This amateur video shows armed settlers attacking a Palestinian village with stones and guns on Saturday after an Israeli boy had been stabbed and injured earlier in the day. The shocking video is another result of a citizen-media drive to reveal evidence of violent attacks in the area.
The images show Israelis from the far-right Yitzhar settlement coming towards the West Bank village of Asira al-Kabaliya and throwing rocks. The attackers were responding to an incident on Saturday afternoon when an intruder burnt down a mobile home and stabbed a nine-year-old boy in the area. The footage was shot by a local resident who then sent it to B'Tselem, an NGO that hands out recording equipment to Palestinians to capture footage of violence in the Israeli and Palestinian Territories (see other posts about the group).
The footage has caused outrage because The Israel Defense Forces appear not to intervene in the attacks. After the video was shot the attackers continued into the village, when six Palestinians were shot and injured. Stars of David were painted on the buildings. Israeli Prime Minister Ehud Olmert called the attack a "pogrom against non-Jews", and said that it would not be tolerated.
Video issued by B'Tselem 14 September 08.
The Star of David painted onto walls in the village
Photo by Keren Manor atActiveStills.org, "a group of documentary photographers acting for social change".
"These folks have strayed from the essence of their faith"
Roi Ben-Yehuda is an Israeli living in the US.
This is yet another video exposing the lucid and raw injustice of the occupation. Everything about this footage - the mob violence, the soldiers' impotence, and the Star of David looking ever like a Swastika - makes me sick to the stomach. Sadly, what you see in this video is not an anomaly. It has been happening for years, and recently it has been escalating.
Prime Minister Olmert has called this disturbance a ‘pogrom' and has said, ‘There will not be pogroms against non-Jews in the state of Israel'. His words are interesting in two respects:
Firstly, by using the word ‘pogrom' (a word usually reserved for when speaking of anti-Semitic riots against Jews), Olmert joins those who at times see a moral and historical equivalence between violence committed against Jews in the Diaspora, and violence committed by Jews in Israel and the occupied territories. This may seem like a non-issue, but in reality it is an unusual choice of words for a prime minister to use. Perhaps a political leader who is about to resign from office can afford to have on his lips what another politician will only have on his mind.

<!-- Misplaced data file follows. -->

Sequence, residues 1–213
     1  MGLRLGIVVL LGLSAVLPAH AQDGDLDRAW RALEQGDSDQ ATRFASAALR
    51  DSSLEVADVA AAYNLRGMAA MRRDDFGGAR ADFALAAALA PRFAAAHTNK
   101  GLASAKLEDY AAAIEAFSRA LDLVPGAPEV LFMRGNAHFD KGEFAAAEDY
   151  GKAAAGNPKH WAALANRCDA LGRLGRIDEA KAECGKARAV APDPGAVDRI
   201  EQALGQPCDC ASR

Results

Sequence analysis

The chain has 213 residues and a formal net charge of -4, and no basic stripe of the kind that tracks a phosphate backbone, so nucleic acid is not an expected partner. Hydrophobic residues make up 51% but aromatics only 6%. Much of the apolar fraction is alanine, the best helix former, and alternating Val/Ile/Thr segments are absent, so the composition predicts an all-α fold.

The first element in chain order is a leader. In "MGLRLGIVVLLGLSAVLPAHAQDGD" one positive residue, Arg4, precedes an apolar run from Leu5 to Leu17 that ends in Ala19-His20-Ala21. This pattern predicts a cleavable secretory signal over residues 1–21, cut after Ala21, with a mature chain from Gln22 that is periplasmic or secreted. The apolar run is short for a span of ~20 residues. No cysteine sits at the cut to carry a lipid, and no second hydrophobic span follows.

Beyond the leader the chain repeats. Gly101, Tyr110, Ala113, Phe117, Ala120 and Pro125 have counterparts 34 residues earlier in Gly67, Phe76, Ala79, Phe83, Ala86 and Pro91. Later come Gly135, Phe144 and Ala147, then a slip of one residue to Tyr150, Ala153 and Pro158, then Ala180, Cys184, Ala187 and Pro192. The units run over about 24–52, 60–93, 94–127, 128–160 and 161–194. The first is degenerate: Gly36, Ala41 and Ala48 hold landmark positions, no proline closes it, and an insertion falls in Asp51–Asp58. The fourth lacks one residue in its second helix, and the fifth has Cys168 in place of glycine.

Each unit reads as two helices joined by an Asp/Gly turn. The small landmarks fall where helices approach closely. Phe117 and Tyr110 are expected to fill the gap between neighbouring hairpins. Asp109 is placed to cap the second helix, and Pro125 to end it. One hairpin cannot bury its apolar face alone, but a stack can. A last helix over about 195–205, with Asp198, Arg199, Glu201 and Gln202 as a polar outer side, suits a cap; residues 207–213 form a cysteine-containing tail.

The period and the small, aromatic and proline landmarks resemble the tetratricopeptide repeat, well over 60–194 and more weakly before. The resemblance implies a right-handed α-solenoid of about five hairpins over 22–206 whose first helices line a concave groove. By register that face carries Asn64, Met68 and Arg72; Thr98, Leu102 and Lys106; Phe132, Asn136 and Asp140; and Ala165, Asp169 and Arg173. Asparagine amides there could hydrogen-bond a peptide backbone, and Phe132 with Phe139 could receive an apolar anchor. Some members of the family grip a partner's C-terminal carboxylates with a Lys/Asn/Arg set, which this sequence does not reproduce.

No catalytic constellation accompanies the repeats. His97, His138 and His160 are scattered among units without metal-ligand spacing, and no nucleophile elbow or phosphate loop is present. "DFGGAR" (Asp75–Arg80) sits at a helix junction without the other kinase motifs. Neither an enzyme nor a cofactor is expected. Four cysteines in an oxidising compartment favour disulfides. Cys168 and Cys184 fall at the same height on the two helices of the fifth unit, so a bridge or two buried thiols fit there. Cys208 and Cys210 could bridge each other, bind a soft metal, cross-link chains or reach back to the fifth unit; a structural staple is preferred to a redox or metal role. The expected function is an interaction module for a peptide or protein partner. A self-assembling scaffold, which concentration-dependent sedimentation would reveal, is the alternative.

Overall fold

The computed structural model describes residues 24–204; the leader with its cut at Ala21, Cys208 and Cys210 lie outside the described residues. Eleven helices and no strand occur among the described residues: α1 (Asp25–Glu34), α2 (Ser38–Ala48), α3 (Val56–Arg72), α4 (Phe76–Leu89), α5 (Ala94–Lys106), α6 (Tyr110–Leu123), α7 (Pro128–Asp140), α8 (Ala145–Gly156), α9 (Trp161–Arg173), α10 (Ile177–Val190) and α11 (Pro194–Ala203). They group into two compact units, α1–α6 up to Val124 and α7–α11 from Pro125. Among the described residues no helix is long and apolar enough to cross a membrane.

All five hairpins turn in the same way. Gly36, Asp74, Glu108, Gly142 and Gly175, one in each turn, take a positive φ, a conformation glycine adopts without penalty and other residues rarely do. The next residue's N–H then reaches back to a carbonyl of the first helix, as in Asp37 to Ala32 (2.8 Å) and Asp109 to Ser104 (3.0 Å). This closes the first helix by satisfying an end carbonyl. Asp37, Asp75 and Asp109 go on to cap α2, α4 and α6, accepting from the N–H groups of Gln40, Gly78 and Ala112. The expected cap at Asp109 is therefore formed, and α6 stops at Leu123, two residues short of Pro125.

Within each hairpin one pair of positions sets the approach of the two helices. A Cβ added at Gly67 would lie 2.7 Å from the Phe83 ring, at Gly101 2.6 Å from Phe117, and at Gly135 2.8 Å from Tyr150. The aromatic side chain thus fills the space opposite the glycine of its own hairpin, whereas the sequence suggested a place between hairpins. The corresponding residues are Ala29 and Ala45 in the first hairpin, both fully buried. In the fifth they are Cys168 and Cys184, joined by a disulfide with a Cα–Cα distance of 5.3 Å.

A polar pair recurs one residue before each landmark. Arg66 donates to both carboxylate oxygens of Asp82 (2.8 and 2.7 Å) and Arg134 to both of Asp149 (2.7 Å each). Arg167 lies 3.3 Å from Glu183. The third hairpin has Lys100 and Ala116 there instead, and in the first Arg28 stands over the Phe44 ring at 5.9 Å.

Secondly, by stating that there will be no pogroms against non-Jews in the state of Israel, Olmert is making a well-intentioned but inappropriate point. Yes, in the state of Israel such actions will not be tolerated. But we are not in the state of Israel. We are in the occupied territories - a place where rights and rule of law do not apply to everyone equally. In the ‘territories' such actions are not an exception to the rule. If Olmert means to say that the territories are in fact part of the State of Israel then this is the biggest story of the year. What he should have said is that the state of Israel will not tolerate such behavior within its borders or outside of them. The difference between the two statements is quite significant.
The date of this attack - Saturday, 13 September 2008 - is also significant. To begin with, for Jews the Sabbath is a holy day of rest and spiritual rejuvenation. Terrorizing and spilling the blood of the innocent is the very last thing that would be permitted on such a day (it is of course never permitted). These Jews who committed the attack are a disgrace to everything that is sacred in Judaism. They have profaned their religion. I point this out not because I have a preference for mob violence on Sunday as opposed to Saturday, rather because it shows you how far these folks have strayed from the essence of their faith.
The date is also telling because it falls on the anniversary of the signing of the Oslo accords. It was on 13 September 1993 that the Israeli government and the PLO officially began a historic peace-process. Of course this could be just a coincidence (one the press has yet to pick up on), yet I suspect it is not. Every year around this time the settler community laments the "tragedy" of the peace process and gets aggressively riled up on how the present government is failing to learn the lessons of Oslo. While it is clear that this particular act of mob violence was triggered by a heinous Palestinian attack, it does not stretch the imagination to see how the people in question were primed and poised to see all Arabs as enemies. After all, the two-state solution, the objective of the Oslo peace process, is a death-knell to the settlers' dream of a greater Israel.
The settler movement is the blight of Israeli democracy. One can only hope that this type of videos can further awake us from our ethical and political slumber."